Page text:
Thursday, March 26, 2009

Father Jerry

Friday night before dinner Father Jerry drove to the compound we were staying in to speak with us. He drove to us from Kampala, where he had been taking weekend classes for a masters degree. He didn't look like a Father. He had on a black button-up with an open collar – although he was a man of the collar. He told us stories.

She lives in his parish. She lost her mother to AIDS. She's the oldest, so now she's in charge of the family, which includes grandmother. Grandmother needs medicine. I already forget if she has AIDS, too, but the label shouldn't matter anyways. Jennifer can't afford to go to school, though her younger siblings are able to, because of Jennifer. Her grandmother's still alive because of Jennifer. Jennifer sells her body to men in the community so that her grandmother can live and her siblings can go to school.

The next one…I have forgotten her name. I'm ashamed.
She would walk to see Father Jerry, she would come to him crying. She was dying. She had AIDS. Father Jerry would sit with her as she cried. He went to the States, and spoke at a church, and the church gave him a suitcase of things to bring back to her, including a doll. They gave him money for this girl, whose name I cannot remember. The night he told us her story, he had only just returned the week before. The day before he spoke with us, she died.

Margaret could have easily been a Jennifer. She could have been the girl whose name I have forgotten. But money came in time for her. She stayed in school, and she is in secondary school right now. We don't know her future, but her present is happy.

His Car
A British organization, I believe it was, gave Father Jerry a car. He's been able to travel much more easily to the several churches in his parish. He's been able to take countless people to the hospital, especially children. Many lives have been saved because of that car. Two lives were lost in that car. Two children, in their mother's arms. They died on the way to the hospital.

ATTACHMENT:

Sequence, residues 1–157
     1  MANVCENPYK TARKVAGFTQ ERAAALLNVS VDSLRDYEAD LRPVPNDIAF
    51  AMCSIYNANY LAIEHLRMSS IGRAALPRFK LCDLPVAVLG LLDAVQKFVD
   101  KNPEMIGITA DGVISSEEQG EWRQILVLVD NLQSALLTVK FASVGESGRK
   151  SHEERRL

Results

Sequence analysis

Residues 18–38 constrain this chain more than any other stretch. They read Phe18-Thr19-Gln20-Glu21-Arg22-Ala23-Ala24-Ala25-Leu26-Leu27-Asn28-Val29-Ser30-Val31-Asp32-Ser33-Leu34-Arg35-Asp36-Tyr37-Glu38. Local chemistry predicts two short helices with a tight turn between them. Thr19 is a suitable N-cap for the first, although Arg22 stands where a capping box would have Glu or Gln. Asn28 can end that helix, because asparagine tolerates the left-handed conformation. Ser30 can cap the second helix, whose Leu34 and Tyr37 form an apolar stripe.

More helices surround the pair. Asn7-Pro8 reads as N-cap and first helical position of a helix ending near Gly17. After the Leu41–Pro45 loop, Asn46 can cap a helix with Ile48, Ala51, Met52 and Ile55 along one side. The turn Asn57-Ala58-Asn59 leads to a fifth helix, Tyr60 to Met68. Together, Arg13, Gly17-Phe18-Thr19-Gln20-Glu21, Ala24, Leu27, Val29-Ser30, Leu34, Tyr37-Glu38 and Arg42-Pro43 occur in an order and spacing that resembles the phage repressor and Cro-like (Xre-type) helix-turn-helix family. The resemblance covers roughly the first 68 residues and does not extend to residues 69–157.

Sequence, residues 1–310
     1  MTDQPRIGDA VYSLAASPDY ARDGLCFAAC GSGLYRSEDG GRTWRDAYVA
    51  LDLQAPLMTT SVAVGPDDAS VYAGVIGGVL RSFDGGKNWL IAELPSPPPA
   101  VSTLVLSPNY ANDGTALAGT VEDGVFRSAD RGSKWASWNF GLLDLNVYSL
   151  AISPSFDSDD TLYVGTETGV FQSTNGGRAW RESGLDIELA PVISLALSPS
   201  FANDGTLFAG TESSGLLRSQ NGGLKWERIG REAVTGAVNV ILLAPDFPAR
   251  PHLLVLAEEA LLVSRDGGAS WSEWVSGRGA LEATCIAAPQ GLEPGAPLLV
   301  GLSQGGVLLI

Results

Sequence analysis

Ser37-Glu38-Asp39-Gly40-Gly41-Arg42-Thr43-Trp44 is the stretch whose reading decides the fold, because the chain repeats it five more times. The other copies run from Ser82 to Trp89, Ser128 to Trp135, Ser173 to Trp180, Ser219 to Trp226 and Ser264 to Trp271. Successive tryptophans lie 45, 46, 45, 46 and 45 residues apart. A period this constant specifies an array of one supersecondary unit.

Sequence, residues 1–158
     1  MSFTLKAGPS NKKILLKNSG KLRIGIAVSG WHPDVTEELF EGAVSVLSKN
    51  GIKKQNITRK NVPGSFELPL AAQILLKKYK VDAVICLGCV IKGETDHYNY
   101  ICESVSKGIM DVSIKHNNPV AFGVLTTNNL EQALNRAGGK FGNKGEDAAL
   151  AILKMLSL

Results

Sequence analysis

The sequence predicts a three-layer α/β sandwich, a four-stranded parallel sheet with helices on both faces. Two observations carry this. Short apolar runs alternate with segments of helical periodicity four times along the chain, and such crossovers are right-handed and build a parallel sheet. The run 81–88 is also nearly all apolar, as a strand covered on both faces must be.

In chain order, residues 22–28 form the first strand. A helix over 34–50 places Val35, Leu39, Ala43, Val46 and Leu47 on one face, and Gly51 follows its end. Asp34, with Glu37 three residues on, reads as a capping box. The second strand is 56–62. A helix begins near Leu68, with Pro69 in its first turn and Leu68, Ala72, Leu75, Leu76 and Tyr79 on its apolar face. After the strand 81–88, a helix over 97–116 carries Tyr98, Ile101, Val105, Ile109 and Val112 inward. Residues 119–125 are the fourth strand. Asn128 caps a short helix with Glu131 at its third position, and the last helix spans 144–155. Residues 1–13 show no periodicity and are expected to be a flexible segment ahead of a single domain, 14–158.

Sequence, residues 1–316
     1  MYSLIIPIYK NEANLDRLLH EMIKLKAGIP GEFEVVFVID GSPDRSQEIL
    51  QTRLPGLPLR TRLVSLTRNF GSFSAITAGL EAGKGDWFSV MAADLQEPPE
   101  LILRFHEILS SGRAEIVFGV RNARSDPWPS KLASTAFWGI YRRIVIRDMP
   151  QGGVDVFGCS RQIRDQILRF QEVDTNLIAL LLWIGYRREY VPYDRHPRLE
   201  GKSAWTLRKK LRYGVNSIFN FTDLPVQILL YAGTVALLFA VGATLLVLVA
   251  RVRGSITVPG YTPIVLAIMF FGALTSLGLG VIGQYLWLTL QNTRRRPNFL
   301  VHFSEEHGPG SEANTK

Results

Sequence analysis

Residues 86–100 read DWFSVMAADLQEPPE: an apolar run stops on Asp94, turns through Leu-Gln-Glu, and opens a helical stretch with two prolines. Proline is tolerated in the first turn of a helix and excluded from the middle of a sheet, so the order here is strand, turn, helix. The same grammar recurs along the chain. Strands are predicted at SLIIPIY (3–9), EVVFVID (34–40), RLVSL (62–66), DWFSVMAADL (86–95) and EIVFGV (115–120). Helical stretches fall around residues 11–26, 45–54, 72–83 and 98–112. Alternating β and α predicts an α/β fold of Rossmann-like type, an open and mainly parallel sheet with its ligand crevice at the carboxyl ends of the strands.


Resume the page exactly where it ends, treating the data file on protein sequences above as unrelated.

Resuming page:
Father Jerry asked us that night if God is fair. It's the first time really I've heard a church leader here be willing to ask a difficult question and let the question hang there without giving an answer. Father Jerry remembers the name of the one I have forgotten. He had the opportunity to go to America and get his masters degree. It was the opportunity of a lifetime. But he decided he had to stay here in his community to be Present with them, so that girls like the one whose name I cannot remember would have someone to cry with her, and someone to remember her name.

Sunday we visited one of his parish churches. He preached. He prayed, face next to the goblet, over the communion. And he smiled. And he danced. And he encouraged the people. He was wearing his collar, but we already knew he was a man of the collar.

1 comment:

  1. I tried to post a comment in todays posting but couldn't get the comments to work. It is great news that you are going home soon. Yes it is more difficult to live a simple life when there are so many distractions that we have in our modern western life but it can be done. I, along with many other have lived like this for so long it has become a habit. Like living on a budget I find that at least once a month I have to have an accounting, a check to make sure I am still on track. Will you still be blogging when you go homw? Could you leave a link on this blog if you do please. I would also like to know more about Father Jerry and the work he does. Is it possible for you to leave a contact here, or maybe a web page that I can go to. I would appreciate it. I with some friends have been looking for some work we could help sponser and I liked what you said about him.

    Take care dear and remember that the future isn't really scarey, it's just unknown and there are so many good people out there.

    Keeping you in my prayers, Margaret